The Alexander’s path tracked in Track and Trace.
In “The Ocean Doesn’t Want Me Today”, Tom Waits’ dark and brooding hero hopes to drown, but the Sea takes pity and keeps pushing him safely back to shore. Conversely, in “Homeward Bound” Simon and Garfunkel sang of a traveler going far away but longing for the comforts of home. But we’re talking about miniboats and satellite asset tracking here. This better tie up nicely…
Since June 25, Geoforce has tracked the progress of the Alexander, a 2-meter unmanned sailboat built by students at the United Technologies Center in Bangor, ME and aided by computer models developed at the University of Maine.
Implementing lessons learned from last year’s Sailing on a Dream miniboat launch, the Alexander increased its ballast to 20 pounds, added a larger sail area, and installed a compact, rugged Geoforce GT0 Satellite Asset Tracker. Everyone agreed Alexander would make quick work of crossing the Atlantic.
Never tell the Sea your plans.
Things started well, thanks to fishing vessel Triston Marie carrying Alexander past the breakers and launching Alexander 100 miles east of Portland, Maine. The GT0 reported like a Swiss watch, and ‘Alex immediately headed due east to the North Atlantic. But then it tacked sharply north and hugged the Maine coastline southward on a return course to Portland. Then north again, and as of this writing, the Alexander is between Monhegan and Matinic Islands.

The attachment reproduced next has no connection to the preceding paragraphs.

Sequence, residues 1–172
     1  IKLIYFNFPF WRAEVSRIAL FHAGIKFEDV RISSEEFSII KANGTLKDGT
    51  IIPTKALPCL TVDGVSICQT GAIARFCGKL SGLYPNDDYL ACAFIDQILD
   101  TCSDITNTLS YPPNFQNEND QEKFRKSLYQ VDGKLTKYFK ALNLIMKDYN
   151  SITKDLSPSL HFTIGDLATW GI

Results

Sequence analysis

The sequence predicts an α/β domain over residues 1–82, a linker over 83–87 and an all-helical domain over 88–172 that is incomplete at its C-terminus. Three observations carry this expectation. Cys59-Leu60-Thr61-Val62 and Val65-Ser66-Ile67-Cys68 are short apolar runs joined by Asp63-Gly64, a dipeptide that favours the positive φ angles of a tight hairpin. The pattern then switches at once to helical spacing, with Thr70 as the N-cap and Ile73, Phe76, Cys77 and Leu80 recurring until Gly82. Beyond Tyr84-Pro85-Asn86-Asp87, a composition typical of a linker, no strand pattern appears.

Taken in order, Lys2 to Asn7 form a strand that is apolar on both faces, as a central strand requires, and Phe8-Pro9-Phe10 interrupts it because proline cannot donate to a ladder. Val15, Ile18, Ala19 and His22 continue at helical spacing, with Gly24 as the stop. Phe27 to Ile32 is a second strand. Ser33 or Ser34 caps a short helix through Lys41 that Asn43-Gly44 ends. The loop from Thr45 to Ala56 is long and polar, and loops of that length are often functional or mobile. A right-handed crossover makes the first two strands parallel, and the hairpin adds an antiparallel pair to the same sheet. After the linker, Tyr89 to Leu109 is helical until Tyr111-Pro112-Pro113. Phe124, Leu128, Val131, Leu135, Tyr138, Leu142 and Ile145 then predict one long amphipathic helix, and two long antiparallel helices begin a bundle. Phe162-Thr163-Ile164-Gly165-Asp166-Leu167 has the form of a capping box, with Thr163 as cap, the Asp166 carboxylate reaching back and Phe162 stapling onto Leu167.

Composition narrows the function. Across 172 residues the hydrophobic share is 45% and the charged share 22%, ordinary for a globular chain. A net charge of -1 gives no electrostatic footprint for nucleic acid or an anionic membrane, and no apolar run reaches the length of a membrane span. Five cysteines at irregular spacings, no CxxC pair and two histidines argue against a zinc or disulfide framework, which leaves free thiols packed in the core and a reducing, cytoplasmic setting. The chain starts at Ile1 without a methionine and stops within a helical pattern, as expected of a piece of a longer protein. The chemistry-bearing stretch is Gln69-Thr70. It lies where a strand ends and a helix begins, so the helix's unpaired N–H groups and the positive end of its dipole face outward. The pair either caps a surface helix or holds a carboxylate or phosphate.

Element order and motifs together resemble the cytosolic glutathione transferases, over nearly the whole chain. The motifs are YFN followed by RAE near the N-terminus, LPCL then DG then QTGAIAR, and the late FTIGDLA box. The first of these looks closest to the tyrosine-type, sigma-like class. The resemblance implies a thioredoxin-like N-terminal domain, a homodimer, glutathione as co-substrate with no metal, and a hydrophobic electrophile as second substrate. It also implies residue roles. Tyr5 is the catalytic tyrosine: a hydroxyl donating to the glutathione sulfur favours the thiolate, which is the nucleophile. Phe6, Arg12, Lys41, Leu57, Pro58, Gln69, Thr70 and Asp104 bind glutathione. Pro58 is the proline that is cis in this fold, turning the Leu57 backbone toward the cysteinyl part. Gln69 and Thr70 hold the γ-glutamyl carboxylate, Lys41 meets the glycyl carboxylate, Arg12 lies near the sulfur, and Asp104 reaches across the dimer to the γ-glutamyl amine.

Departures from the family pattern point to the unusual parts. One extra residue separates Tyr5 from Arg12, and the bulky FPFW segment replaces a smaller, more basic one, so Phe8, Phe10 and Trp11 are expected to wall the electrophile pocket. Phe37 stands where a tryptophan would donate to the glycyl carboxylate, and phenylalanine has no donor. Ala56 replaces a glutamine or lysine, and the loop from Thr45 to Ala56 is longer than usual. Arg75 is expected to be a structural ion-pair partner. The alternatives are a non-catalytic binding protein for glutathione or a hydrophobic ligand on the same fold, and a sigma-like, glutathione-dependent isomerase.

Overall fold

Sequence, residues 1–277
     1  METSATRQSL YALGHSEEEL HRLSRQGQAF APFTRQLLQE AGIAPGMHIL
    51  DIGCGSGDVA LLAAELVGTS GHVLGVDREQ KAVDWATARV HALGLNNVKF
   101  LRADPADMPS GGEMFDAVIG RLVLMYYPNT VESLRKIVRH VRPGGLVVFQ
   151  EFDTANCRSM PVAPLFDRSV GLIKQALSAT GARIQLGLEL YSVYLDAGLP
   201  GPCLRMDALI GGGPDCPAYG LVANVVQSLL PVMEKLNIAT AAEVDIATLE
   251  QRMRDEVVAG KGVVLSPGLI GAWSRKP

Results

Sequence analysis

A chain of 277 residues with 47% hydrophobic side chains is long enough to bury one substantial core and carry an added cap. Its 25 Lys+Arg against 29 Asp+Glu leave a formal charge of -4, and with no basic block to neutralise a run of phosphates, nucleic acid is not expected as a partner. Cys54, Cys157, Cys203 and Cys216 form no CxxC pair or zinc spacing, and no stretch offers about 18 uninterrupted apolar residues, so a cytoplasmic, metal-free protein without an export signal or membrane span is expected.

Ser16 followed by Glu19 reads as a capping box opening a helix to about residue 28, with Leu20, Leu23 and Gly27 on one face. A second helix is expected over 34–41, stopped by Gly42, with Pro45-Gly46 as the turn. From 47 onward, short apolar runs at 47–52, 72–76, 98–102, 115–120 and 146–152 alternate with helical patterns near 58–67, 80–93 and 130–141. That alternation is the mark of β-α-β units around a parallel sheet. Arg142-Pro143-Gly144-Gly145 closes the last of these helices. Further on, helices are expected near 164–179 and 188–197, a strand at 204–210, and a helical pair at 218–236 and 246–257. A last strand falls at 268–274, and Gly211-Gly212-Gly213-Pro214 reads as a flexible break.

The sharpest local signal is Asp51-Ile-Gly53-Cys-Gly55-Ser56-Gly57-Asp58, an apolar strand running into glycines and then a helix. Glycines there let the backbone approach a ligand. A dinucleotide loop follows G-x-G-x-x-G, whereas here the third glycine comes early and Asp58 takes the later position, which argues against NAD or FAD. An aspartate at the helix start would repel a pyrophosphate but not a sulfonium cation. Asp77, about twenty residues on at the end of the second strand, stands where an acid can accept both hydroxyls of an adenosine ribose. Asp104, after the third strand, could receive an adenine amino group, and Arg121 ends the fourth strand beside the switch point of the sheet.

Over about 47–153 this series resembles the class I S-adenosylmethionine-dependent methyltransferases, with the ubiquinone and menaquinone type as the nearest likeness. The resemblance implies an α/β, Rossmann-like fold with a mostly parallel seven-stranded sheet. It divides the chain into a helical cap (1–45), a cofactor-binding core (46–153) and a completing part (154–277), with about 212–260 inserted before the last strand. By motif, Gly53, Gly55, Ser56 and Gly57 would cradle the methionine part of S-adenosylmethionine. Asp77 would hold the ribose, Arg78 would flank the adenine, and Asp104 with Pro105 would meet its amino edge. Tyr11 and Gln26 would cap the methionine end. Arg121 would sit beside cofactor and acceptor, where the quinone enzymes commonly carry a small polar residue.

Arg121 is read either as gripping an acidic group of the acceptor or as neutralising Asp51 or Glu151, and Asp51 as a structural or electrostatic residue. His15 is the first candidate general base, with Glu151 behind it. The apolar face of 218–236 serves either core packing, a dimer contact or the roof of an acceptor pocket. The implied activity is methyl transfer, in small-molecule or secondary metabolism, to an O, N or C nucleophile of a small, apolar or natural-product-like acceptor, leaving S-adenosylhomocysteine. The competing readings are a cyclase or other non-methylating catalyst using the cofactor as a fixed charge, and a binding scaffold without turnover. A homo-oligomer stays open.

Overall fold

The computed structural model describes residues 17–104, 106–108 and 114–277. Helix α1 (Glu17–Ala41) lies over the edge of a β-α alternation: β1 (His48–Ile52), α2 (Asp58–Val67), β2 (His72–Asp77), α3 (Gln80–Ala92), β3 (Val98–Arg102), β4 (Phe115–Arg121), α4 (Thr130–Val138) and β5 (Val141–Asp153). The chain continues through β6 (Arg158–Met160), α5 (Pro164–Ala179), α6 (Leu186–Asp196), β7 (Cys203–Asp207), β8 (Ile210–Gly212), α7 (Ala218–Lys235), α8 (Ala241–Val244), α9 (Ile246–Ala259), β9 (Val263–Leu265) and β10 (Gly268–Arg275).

Thanks to the GT0 and its Track and Trace online application, Geoforce displays the Alexander’s position every four hours for the students back at the United Technologies Center. And the don’t-say-it-or-you’ll-jinx-it landing site might not be too rural for a full recovery effort.
So, is this a case of the ocean not “wanting” Alexander, or is it just “homeward bound”? Well, it’s a crazy world out there right now, so maybe the Ocean just wants Alexander back home, safe and sound.
So does Geoforce. We’ll keep you informed of any new developments.
Jay Karlson is a Senior Product Manager at Geoforce.